When Rep. Joe Sestak (D-PA) makes his primary challenge to Sen. Arlen Specter (D-PA) official, he won’t have the Washington establishment on his side and he’ll probably find himself significantly outspent by his famous opponent. But he has some tricks of his own up his sleeve.
“If you have the right message, and you’re consistent in putting it out there,” Sestak told me, then you still have a shot. “Sen. Clinton, running against Sen. Obama, was outspent four-to-one in Pennsylvania and yet somehow her message seemed to resonate.” *
He describes “the message” as a key issue. But what will his message be? In an interview with TPMDC, Sestak provided some clues.“Arlen has spent the last three decades in Washington as a senator and has a lot of experience in the Washington senatorial establishment,” Sestak said. “The same one that made a deal with him.”
By contrast, “I come from 31 years in the military.”
Furthermore, Sestak says Specter’s record will haunt him. “I went to Washington to oppose the policies of President Bush,” he says by way of contrast to Specter who “supported them.”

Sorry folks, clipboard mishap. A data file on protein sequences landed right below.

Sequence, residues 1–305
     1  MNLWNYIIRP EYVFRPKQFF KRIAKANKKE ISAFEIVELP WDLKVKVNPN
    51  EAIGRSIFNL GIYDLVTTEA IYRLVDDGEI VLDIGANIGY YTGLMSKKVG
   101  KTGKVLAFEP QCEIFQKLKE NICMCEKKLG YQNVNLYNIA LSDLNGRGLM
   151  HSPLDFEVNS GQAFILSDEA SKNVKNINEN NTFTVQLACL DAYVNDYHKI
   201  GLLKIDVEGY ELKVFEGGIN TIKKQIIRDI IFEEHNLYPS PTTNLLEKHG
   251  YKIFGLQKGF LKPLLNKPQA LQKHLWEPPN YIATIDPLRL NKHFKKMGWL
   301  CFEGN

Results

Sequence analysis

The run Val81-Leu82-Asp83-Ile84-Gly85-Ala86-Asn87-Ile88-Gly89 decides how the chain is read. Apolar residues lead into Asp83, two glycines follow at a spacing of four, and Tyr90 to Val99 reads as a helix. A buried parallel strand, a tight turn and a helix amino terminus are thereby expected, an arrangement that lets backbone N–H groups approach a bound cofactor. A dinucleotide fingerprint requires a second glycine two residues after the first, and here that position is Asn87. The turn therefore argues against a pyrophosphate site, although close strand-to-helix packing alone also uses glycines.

A few weeks ago, Sestak told me that Specter would need to prove himself a reliable Democrat on key issues if he wanted to avoid a challenge, but ultimately he decided that Specter just can’t be trusted.
“[W]hen you see someone who has voted so consistently with President Bush–I think it’s four out of five times–that voted on issues that have been very instrumental in terms of harming our national security…or for the economic policies of the Bush administration…. That raised even graver doubts about how is he going to now forsake those kinds of beliefs in any consistent way.”
Sestak went on. “I think the fact that the change was now, rather than several years ago when our nation could have used more Democratic votes to help forestall some of the policies of President Bush. That would have been a more telling party switch.”
As I noted last week, Sestak already has a key supporter in Pennsylvania–former Rep. Joe Hoeffer, who challenged Specter in 2004. I asked Sestak how he felt about the endorsement and he lit up. “I feel very honored,” he said.
*Due to a transcription error, this quote initially misstated Sestak’s comments on the 2008 Pennsylvania primary. As Rep. Sestak suggested, Hillary Clinton–and not Barack Obama–won that race.